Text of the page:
Afterschool Programs are Important for Engaging, Keeping Girls in STEM
Over the past several decades, afterschool and out-of-school programs have developed expertise in providing the kind of immersive, hands-on learning experiences that are critical to helping students gain fluency in STEM subjects. This school year, the opportunity is even greater as students and families face many more hours outside of the traditional classroom. From running STEM activities virtually and distributing STEM kits to students, to offering small-group, in-person services on remote school days and during traditional afterschool hours, afterschool programs have stepped up to keep students engaged and learning. The potential for impact is enormous: The nation's 100,000 afterschool programs serve more than 10 million young people.
To support programs as they pivot to meet students' needs, the Million Girls Moonshot will provide afterschool networks with technical assistance, educational resources, access to Intel's She Will Connect partners and mentorship from STEM experts, including Intel employee volunteers. The initiative leverages more than $300 million in investments made by the Mott Foundation in the past two decades to advance afterschool programs and systems, including the development of afterschool networks in all 50 states, as well as Mizzen by Mott, an app that provides afterschool educators free access to high-quality content. Through consistent, equity-focused STEM programming and mentorship that engages girls throughout their youth, the Million Girls Moonshot will help weave together opportunities, ensuring that girls are inspired and supported to continue pursuing STEM in high school and beyond.
The Million Girls Moonshot welcomes a diverse group of cross-sector partners to join in expanding its reach, sustainability and impact. Learn more at MillionGirlsMoonshot.org.
About STEM Next Opportunity Fund
STEM Next Opportunity Fund is the legacy organization of the Robert D. Noyce Foundation and is dedicated to bringing high-quality STEM learning to millions of young people and closing the gender gap in STEM careers. As a national leader, strategic guide, policy advocate and investor, STEM Next is bringing about a transformative expansion of high-quality and inclusive STEM learning opportunities. By investing early in the lives of our children, we are transforming their lives and preparing them for the 21st century economy. Learn more at www.StemNext.org.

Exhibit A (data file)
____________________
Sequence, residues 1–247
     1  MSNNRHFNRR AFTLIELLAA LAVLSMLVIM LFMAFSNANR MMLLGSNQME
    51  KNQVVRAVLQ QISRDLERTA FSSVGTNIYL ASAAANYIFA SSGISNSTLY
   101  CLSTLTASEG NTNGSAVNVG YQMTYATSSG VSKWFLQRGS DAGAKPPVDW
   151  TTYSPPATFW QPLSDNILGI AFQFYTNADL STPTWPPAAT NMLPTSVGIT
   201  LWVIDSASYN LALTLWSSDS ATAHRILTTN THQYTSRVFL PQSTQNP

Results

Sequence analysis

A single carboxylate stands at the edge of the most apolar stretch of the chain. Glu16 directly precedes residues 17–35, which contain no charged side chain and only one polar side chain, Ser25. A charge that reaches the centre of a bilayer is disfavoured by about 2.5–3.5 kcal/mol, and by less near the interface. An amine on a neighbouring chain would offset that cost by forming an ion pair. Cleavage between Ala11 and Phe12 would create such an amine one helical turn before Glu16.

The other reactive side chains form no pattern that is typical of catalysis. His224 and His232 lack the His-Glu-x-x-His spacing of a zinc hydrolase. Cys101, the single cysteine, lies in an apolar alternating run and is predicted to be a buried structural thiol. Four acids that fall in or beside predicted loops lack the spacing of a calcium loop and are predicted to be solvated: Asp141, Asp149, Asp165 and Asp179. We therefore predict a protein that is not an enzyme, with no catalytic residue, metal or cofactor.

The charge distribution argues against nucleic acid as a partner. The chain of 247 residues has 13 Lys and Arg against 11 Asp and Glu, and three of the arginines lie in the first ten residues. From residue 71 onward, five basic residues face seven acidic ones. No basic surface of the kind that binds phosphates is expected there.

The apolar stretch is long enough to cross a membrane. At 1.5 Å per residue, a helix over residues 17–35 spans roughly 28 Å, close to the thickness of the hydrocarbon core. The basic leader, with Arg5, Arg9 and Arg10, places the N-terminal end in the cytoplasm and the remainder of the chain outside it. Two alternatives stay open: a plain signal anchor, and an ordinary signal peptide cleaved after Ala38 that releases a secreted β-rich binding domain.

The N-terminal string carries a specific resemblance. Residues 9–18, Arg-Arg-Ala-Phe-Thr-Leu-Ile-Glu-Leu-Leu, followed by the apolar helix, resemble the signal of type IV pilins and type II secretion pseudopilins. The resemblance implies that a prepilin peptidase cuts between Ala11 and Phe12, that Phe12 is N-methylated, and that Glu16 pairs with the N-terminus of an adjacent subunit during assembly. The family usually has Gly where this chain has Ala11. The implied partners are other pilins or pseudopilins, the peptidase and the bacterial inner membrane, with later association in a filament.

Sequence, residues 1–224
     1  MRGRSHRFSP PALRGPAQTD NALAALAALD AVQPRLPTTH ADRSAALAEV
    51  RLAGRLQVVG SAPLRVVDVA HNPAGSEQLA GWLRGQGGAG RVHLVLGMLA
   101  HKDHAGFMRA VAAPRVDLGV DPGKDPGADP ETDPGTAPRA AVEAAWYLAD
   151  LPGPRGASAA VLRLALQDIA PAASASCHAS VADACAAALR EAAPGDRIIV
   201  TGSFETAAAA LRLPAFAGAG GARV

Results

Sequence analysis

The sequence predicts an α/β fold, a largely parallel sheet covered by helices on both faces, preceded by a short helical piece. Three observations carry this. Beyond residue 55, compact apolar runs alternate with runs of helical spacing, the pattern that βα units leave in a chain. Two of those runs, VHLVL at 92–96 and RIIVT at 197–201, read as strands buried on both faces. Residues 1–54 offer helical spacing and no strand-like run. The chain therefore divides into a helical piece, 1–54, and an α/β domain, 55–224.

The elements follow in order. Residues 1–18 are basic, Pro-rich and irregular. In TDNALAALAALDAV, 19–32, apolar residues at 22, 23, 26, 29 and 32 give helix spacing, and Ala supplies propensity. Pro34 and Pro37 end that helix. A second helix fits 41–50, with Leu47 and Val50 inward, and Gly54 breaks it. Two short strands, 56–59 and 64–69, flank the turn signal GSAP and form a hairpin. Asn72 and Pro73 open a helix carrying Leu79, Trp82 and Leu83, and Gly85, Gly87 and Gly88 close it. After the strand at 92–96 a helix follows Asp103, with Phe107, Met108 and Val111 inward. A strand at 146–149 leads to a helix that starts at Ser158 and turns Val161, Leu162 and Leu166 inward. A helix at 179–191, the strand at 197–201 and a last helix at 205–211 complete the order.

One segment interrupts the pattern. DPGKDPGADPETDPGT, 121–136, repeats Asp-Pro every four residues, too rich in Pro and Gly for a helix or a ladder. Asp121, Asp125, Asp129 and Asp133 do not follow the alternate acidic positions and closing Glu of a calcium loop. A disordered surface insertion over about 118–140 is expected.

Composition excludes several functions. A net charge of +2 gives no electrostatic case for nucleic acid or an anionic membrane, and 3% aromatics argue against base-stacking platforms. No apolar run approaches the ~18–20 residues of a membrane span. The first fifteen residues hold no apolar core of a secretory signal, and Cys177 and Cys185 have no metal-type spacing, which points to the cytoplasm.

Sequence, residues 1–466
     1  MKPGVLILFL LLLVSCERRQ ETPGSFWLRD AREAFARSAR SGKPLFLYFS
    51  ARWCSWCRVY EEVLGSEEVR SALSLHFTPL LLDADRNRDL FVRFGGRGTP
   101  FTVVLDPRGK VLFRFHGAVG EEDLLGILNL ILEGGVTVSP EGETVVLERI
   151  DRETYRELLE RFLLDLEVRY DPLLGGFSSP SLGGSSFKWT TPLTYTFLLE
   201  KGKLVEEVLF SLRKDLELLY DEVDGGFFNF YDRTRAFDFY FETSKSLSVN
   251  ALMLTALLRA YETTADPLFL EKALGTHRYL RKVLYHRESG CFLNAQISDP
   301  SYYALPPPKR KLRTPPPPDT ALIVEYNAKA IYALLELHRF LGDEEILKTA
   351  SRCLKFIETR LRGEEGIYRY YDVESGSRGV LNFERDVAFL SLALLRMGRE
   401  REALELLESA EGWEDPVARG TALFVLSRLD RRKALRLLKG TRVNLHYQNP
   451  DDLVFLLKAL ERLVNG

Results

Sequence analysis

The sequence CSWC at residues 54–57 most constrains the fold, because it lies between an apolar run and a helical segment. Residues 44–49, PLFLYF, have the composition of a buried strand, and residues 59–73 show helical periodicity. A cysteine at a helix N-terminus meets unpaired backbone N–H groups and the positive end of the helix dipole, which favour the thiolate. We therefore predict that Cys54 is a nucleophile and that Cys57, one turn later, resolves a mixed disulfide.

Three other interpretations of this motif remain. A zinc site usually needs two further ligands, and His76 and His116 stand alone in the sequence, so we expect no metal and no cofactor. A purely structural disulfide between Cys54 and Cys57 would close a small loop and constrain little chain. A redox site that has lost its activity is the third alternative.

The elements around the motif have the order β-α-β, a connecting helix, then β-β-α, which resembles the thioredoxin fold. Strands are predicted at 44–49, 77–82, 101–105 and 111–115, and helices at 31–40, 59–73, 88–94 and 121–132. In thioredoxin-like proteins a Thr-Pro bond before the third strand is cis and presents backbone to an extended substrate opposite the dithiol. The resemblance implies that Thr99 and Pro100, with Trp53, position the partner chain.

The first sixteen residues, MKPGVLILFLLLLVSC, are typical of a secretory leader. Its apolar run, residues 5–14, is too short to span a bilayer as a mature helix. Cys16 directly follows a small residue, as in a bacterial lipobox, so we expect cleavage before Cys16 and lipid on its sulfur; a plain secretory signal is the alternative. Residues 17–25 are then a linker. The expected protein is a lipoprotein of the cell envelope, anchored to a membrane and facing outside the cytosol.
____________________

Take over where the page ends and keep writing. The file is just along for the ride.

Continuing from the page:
About Intel Foundation
Since 1988, the Intel Foundation has been committed to improving lives in communities around the world. We act as a catalyst for change by investing in innovative STEM programs, providing disaster relief and support, and amplifying the investments of Intel employees across a broad spectrum of personal philanthropy and volunteering. Our vision is inspired by one of Intel's co-founders, Robert Noyce, and his oft-repeated declaration, "Don't be encumbered by history, go off and do something wonderful." Learn more at www.Intel.com/foundation.
About the Gordon and Betty Moore Foundation
The Gordon and Betty Moore Foundation fosters path-breaking scientific discovery, environmental conservation, patient care improvements and preservation of the special character of the Bay Area. Visit Moore.org or follow @MooreFound.
About the Charles Stewart Mott Foundation
The Charles Stewart Mott Foundation, established in 1926 in Flint, Michigan, by an automotive pioneer, is a private philanthropy committed to supporting projects that promote a just, equitable and sustainable society. It supports nonprofit programs throughout the United States and, on a limited geographic basis, internationally. Grantmaking is focused in four programs: Civil Society, Education, Environment and Flint Area. In addition to Flint, offices are located in metropolitan Detroit, Johannesburg and London. With year-end assets of approximately $3.1 billion in 2019, the Foundation made 364 grants totaling more than $133 million. For more information, visit www.Mott.org.